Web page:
Service Learning at HPU

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HPU LifeLines is a High Point University Service Learning course dedicated to the healing power of poetry. This course builds intergenerational bonds between local elders and High Point University students and generates ongoing health benefits that foster an empathic connection between the community and our school.

Service Learning gives students the opportunity to put classroom knowledge into practice through community service experiences. With 21 courses in 11 majors and a total of over 325 students, the High Point University Service Learning Program continues to grow. The HPU LifeLines Service Learning course alone generates over 1,000 hours of service in the local assisted living community each academic year.

Service Learning at HPU

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But Service Learning has benefits beyond the classroom and the community. It also opens doors. Service Learning Liaison and HPU LifeLines facilitator Tayla Curran says, “Through this class I have not only had the opportunity to put theory into practice, but also carry out undergraduate research that I presented at the National Conference for Undergraduate Research. This class has changed the way I want to practice medicine in the future, and I know I am a stronger and more well-rounded medical school applicant because of it.”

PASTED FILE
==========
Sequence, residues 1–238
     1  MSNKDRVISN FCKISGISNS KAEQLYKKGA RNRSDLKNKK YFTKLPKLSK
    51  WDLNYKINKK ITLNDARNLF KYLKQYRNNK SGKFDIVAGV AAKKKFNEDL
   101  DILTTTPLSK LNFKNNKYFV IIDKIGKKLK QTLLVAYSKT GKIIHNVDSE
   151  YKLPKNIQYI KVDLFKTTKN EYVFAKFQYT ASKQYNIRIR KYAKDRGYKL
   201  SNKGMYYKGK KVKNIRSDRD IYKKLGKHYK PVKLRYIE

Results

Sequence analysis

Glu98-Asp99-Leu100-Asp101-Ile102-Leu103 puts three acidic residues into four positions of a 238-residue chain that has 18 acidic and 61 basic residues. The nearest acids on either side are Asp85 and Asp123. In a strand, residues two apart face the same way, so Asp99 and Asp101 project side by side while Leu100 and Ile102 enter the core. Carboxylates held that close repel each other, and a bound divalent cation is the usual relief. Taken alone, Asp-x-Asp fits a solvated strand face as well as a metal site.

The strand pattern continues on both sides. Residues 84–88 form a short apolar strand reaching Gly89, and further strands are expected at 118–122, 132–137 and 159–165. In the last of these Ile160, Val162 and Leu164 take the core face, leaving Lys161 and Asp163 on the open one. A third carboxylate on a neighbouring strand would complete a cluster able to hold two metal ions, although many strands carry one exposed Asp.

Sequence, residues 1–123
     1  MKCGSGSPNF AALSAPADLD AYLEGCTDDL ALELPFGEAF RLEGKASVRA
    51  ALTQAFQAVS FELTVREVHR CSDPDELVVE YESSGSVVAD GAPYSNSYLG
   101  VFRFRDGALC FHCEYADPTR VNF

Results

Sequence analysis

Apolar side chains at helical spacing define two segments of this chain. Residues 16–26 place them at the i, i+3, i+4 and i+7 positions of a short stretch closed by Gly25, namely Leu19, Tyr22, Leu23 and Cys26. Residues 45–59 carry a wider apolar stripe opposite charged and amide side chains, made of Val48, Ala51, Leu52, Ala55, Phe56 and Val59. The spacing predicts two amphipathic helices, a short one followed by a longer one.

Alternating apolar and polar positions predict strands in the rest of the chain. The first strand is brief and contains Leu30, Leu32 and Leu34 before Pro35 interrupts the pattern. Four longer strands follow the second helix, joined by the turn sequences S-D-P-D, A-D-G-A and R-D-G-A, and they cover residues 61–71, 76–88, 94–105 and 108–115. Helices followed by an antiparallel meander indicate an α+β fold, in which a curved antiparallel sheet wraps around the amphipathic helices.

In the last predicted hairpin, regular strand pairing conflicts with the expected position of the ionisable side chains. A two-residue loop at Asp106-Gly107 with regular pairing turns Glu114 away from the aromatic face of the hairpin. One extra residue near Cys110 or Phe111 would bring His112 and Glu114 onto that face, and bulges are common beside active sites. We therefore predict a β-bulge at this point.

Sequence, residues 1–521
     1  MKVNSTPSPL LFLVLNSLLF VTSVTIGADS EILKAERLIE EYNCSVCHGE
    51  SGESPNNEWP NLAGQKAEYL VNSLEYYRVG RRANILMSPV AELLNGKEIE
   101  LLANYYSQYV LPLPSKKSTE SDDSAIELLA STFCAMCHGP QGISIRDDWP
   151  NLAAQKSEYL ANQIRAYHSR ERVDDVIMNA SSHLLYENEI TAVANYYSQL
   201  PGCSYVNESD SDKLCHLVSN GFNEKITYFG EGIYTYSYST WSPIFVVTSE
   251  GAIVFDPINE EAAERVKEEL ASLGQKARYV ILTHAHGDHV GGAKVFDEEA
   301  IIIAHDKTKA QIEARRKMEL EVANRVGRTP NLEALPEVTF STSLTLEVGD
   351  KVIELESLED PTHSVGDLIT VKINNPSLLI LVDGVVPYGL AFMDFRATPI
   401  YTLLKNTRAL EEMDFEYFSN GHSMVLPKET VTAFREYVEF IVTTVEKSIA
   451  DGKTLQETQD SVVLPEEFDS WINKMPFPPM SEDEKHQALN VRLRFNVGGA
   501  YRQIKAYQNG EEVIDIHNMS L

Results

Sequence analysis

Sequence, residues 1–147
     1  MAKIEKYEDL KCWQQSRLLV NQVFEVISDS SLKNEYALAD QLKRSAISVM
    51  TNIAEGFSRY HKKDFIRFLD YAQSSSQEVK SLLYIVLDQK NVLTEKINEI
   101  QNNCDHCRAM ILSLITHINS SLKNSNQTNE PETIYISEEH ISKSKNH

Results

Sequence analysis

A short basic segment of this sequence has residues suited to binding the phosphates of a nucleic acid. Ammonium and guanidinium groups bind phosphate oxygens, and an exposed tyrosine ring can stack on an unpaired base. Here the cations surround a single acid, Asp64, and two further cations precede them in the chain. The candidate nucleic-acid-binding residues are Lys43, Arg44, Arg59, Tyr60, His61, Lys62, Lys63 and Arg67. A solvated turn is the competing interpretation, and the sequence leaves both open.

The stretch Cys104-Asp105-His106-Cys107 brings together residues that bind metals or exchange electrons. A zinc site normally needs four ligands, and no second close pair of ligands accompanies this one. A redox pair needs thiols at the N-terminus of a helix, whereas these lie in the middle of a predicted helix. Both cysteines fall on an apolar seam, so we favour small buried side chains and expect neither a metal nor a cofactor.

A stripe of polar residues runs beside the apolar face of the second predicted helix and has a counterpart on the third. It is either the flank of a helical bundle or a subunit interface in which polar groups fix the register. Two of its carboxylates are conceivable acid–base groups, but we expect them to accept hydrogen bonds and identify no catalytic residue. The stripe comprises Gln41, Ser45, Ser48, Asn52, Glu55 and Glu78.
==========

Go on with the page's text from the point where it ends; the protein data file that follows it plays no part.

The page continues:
Tayla also sees the impact of the HPU LifeLines program on our community partners. “I know that this partnership is making a difference. I can see it on the patrons’ faces. They light up each week when they see us enter the facility ready to run a poetry workshop. For one of our class assignments we had to interview an individual and document their story. I was able to gain a completely new perspective on aging and life. It was something I never would have been able to do through classroom experience alone.”

In 2015, Tayla received a grant to produce an interactive poetry anthology for our Pennybyrn partners suffering from Alzheimer’s and dementia. Click here to see the fruits of her labor. Poetry: Art, Medicine or Service?

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After logging hundreds of hours of service and publishing creative and scholarly work born out of her service experiences, Tayla Curran’s contributions to the community were honored with the presentation of the HPU Service Learning Student of the Year award in 2015. Later that same year, she was accepted into Columbia University’s Program in Narrative Medicine, and she plans on entering medical school after completing this groundbreaking masters degree program. Her journey began with HPU Lifelines.

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For a closer look at Tayla’s academic writing, check out Frank the Fish, published in Innovation: Journal of Creative and Scholarly Works, and her poetry, published in Apogee: The Community Issue.